Professor Cole's focus is on the discovery of new materials & processes using rapid & innovative methods. These methods combine computational materials modelling & high-throughput experimental research. The foci are on corrosion protection systems, biocompatible surfaces, nanostructures for sensing and catalytic activity, and both the refinement of metal additive manufacturing processes and the surface & surface functionalities of additive components. Professor Cole has over 30 years’ experience in research in Academia, Industry, and CSIRO, and is a recognised world leader in corrosion science & multiscale modelling of corrosion & inhibition. Prof. Cole formed & grew the Rapid Discovery & Fabrication Team (RDF) to provide the critical mass to drive this research agenda. As such, Prof. Cole is extremely active in higher degree supervision and in the development of research projects & programmes.
Professor Cole’s current work on corrosion focuses on the discovery of new inhibitors & microbially induced corrosion (MIC). The inhibitor work combines computational modelling with rapid experimentation, via robotic electrochemistry, to define the molecular features that promote effect inhibition and then to use these features to scan databases for new potential inhibitors. The MIC research is focused on new laboratory methods to replicate accurately the conditions that occur in service (currently for components embedded in soil), and on innovative methods such as Quorum Sensing Inhibitors to restrict biofilm growth. Parallel to this work, the RDF Team has a strong focus on the biocompatibility & degradation of human implants.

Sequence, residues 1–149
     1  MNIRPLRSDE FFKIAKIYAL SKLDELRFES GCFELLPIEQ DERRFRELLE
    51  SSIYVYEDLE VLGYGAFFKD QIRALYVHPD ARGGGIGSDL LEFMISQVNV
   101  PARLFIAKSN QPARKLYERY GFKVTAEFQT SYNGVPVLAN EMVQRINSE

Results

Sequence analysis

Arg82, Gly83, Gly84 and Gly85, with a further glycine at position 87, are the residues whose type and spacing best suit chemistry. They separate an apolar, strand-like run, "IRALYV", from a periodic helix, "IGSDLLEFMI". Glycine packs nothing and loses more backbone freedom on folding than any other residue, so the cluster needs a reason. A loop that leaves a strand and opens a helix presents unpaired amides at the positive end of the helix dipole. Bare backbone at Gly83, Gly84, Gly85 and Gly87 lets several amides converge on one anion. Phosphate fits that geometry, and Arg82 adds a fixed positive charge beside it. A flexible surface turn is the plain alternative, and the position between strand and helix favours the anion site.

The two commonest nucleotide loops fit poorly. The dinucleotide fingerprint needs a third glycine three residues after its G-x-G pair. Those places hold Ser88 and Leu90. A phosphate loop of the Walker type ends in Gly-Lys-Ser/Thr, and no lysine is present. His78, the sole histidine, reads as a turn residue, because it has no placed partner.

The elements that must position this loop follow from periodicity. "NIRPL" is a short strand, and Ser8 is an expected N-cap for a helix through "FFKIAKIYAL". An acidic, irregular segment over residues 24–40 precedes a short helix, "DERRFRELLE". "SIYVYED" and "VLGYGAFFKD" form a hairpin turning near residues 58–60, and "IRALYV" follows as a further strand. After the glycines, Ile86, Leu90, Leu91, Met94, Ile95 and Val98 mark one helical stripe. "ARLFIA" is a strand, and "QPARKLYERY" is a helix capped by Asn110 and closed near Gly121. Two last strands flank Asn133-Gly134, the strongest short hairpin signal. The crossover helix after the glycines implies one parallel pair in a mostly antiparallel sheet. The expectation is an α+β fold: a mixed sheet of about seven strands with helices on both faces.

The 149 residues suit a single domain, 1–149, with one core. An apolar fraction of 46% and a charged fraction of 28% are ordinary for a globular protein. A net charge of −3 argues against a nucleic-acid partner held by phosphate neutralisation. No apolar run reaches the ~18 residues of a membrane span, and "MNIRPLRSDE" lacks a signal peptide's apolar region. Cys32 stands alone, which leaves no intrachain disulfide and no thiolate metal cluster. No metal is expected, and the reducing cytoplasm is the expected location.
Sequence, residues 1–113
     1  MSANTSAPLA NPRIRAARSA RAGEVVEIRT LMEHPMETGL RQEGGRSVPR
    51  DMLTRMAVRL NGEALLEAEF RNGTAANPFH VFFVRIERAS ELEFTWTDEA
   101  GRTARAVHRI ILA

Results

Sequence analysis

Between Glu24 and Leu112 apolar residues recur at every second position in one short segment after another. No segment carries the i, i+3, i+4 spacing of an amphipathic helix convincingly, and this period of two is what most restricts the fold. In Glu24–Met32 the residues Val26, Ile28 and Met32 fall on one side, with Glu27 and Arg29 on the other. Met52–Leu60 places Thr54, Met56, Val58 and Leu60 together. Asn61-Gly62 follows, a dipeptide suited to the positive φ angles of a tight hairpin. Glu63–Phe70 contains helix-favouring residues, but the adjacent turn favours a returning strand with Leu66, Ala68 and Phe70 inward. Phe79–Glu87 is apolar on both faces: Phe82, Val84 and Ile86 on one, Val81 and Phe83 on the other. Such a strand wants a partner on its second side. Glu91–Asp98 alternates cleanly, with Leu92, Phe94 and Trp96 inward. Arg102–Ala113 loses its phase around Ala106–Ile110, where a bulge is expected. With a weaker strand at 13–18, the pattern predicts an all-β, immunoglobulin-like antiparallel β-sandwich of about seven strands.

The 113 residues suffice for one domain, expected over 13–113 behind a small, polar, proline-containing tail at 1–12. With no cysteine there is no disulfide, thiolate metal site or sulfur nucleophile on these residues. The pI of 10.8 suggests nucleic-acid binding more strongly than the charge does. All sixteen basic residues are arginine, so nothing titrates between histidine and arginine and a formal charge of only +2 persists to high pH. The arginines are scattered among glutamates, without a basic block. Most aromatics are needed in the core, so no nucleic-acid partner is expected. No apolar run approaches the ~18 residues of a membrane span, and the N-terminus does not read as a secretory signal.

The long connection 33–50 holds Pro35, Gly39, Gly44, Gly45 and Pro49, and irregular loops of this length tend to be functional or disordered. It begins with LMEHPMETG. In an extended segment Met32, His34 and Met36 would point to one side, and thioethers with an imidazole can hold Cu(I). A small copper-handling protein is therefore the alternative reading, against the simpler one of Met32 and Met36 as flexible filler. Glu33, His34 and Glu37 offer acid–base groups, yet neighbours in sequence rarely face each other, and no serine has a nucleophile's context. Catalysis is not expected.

His work on additive manufacturing has two components. The first aims to integrate in-situ sensing & modelling of metal additive manufacturing to built virtual replicas of the same process that guide process settings & process feedback to maximize the quality of builds. The second studies the quality & biocompatibility of additive surfaces in order to estimate & improve the component functionality in service. The nanostructure work is focused on the design & fabrication of nano-dots whose surface properties are optimized for fluorescence-based sensing and catalytic reactions. The application of the nanostructure work is in both the environmental & biomedical domain.
As indicated above, all Prof. Cole’s work integrates computational modelling with experimentation. The modelling work focuses on multiscale modelling to integrate molecular features & structures with properties such as electrochemical activity that manifest themselves at larger-scale domains conventionally modelled using continuum viewpoints & analysis methods. A particular focus is how to bridge this nano-gap between molecular & continuum process with an emphasis on developing computational tools that fill this space and in developing machine learning or quantitative structure-activity relationships to cross the length scale gap. A second focus of the modelling work is the integration & synthesis of data-driven process models & physics-based process models.